Article by:
Date Published:
Last Modified:


Rust is relatively new, statically typed, non garbage collected “systems” programming language. The most unique aspect about Rust compared to similar languages (such as C, C++) is Rusts ownership model (more on this below), which aims to completely eliminate specific memory bugs and race conditions that are common in similar languages.

The logo of the Rust programming language. Image from

The logo of the Rust programming language. Image from

Getting Started

Install Rustup

The easiest way to get started with Rust is to install Rustup, a Rust installer and version management tool.

On a Linux, macOS or other UNIX-like OS:

curl --proto '=https' --tlsv1.2 -sSf | sh

This will typically provide you with a prompt with options — accept the defaults to install.

On Windows:

Download rustup-init.exe from the Rust website and run the installer.

If you are using the Windows Subsystem For Linux (WSL), you can use the instructions above for UNIX-like OS’s.

Create A New Project With cargo

cargo new hello-world

cargo should setup a basic project for you. You can now run the template by doing the following:

cd hello-world
cargo run
   Compiling AdventOfCode2019 v0.1.0 (/Users/ghunter/code/AdventOfCode2019)
warning: crate `AdventOfCode2019` should have a snake case name
  = note: `#[warn(non_snake_case)]` on by default
  = help: convert the identifier to snake case: `advent_of_code2019`

    Finished dev [unoptimized + debuginfo] target(s) in 4.55s
     Running `target/debug/AdventOfCode2019`
Hello, world!


The most unique aspect of the Rust language is it’s ownership model. This ownership system combines ownership, borrowing and copying concepts and relies heavily on zero-cost (no run-time influence) compiler checks to implement it. The system is designed to prevent common software issues relating to concurrency and data races.

fn main() {


Lifetimes Of References

Every reference in Rust comes with a lifetime, although in many cases Rust will let you omit the lifetime syntax and the references lifetime will be implied by the context. Lifetimes are specified by '<identifier>, e.g. 'a would read the “lifetime of a”, and 'xyz the “lifetime of xyz”.

fn my_fn(my_object: MyObject&) { // Implied lifetime (length of function)

struct MyStruct<'a> {
  my_object: MyObject& 'a // Explicit lifetime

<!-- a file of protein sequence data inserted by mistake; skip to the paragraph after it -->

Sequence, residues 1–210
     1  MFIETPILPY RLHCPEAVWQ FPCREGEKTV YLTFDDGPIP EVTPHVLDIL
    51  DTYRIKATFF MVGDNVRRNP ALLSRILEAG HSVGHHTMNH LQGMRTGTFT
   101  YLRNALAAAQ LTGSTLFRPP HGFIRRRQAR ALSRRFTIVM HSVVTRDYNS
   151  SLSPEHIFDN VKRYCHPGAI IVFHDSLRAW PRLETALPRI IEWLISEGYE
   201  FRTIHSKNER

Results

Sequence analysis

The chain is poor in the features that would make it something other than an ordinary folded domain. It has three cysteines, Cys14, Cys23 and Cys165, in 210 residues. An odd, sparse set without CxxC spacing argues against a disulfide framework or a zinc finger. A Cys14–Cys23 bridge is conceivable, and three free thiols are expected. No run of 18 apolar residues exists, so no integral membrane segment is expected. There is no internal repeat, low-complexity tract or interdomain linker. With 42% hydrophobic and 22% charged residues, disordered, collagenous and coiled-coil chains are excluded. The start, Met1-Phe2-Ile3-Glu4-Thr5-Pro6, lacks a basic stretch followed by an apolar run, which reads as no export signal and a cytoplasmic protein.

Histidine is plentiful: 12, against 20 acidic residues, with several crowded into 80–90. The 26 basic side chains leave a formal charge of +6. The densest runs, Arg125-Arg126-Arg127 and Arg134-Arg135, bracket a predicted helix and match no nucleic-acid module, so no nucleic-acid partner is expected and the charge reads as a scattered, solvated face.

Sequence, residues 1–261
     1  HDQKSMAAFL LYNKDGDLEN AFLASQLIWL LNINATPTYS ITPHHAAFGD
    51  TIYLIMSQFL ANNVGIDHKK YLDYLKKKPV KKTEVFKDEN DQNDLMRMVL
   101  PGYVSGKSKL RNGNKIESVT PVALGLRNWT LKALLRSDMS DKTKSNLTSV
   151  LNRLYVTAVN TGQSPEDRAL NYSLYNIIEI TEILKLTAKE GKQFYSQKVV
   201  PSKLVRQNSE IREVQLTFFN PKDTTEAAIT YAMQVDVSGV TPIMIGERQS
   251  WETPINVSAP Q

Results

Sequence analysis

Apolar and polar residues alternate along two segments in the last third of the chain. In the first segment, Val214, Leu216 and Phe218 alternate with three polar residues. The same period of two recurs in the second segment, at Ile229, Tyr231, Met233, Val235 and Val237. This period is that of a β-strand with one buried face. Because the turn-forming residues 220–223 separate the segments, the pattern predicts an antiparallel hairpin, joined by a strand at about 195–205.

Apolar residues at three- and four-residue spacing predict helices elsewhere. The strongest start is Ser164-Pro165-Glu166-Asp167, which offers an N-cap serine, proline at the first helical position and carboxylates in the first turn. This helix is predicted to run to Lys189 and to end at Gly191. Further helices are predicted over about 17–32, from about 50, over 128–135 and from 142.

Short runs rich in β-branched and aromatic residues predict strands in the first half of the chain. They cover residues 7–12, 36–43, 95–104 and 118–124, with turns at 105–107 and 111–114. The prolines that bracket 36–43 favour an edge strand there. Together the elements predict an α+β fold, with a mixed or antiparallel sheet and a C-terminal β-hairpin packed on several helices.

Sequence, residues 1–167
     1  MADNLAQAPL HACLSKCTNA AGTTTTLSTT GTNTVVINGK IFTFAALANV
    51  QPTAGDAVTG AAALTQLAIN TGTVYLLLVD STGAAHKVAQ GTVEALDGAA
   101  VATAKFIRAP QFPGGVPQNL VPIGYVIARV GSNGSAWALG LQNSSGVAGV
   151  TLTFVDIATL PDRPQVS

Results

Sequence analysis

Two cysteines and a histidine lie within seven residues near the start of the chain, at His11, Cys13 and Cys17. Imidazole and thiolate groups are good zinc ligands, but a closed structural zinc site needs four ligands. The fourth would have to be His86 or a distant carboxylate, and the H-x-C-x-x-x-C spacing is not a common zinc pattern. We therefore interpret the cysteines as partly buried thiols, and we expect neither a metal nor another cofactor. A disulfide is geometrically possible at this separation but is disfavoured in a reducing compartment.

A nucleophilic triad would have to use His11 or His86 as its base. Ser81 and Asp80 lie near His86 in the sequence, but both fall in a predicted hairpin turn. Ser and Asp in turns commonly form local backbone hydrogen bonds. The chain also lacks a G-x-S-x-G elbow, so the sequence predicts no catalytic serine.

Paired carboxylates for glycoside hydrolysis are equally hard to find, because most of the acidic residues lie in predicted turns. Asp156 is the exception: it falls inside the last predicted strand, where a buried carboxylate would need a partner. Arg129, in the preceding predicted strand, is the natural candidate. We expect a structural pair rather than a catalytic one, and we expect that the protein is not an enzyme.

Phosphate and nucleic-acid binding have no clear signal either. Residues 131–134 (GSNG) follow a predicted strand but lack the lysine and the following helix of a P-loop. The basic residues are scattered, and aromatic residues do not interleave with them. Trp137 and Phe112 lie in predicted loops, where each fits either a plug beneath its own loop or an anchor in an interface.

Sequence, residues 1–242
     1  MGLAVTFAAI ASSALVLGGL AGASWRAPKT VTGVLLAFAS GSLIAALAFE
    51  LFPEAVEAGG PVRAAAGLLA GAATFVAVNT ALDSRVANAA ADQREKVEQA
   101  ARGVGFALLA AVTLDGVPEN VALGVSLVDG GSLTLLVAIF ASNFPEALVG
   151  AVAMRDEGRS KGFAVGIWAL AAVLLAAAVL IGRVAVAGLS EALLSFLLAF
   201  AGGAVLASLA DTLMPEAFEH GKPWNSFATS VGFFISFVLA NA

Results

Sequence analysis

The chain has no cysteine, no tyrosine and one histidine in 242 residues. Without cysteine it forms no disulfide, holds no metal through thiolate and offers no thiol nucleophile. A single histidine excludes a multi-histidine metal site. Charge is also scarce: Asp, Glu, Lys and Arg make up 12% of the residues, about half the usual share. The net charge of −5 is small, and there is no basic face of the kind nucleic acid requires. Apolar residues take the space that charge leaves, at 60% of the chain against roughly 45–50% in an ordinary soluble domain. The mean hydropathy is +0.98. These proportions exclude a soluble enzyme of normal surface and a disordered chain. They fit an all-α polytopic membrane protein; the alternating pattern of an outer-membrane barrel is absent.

You can read more about the ownership system in the official Rust book.


Basic type casting is done is Rust with the as operator:

let x: u32 = 22;
let y: i32 = x as i32;

Printing To stdout

Rust provides you with the println!() macro to perform basic printing to stdout. It supports a C-like variable length argument syntax with the string as the first parameter, and then successive parameters being the replacement variables. While C uses %s,%u, e.t.c to denote locations for replacement, Rust uses {}:

println!("My variable = {}", my_var);

You do not have to import any module to call println!().

Source Code

The source code for Rust is maintained on GitHub at

Online Editor

You can write and run Rust test code online at the Rust playpen.

Embedded Platforms

Rust is beginning to be used on embedded platforms (however, it is still in a mostly experimental manner). There is discussion of the suitability of rust for an embedded platform at Atomic Object. is an attempt to write an ARM stack (similar to CMSIS or mbed in functionality, which are both written in C) using the rust programming language.

IDE Support

The Rust (rls) extension for Visual Studio Code adds Rust code completion, jump to definition, peek definition, find all references, symbol search, documentation on hover, code formatting, refactoring, error squiggles, snippets, build tasks and more.



Known in other languages as a map, dictionary (Python).

To add a value use the insert() method. The following example adds the value 2 to the key "mykey".

my_hashmap.insert("mykey", 2);

To retrieve a value at a certain key, use the get() method:`

let value = my_hashmap.get("mykey");
if let Some(v) = value {
    println!("Got value of {}", value);

Dealing With Unrecoverable Errors

You can cause the current thread to panic with the panic!() macro. This will cause the current thread to terminate. If you happen to be on the main application thread, this will cause the application to exit:

panic!("Something really bad happened!");

which will produce output similar to:

thread 'main' panicked at 'Something really bad happened!', src/



Related Content:


comments powered by Disqus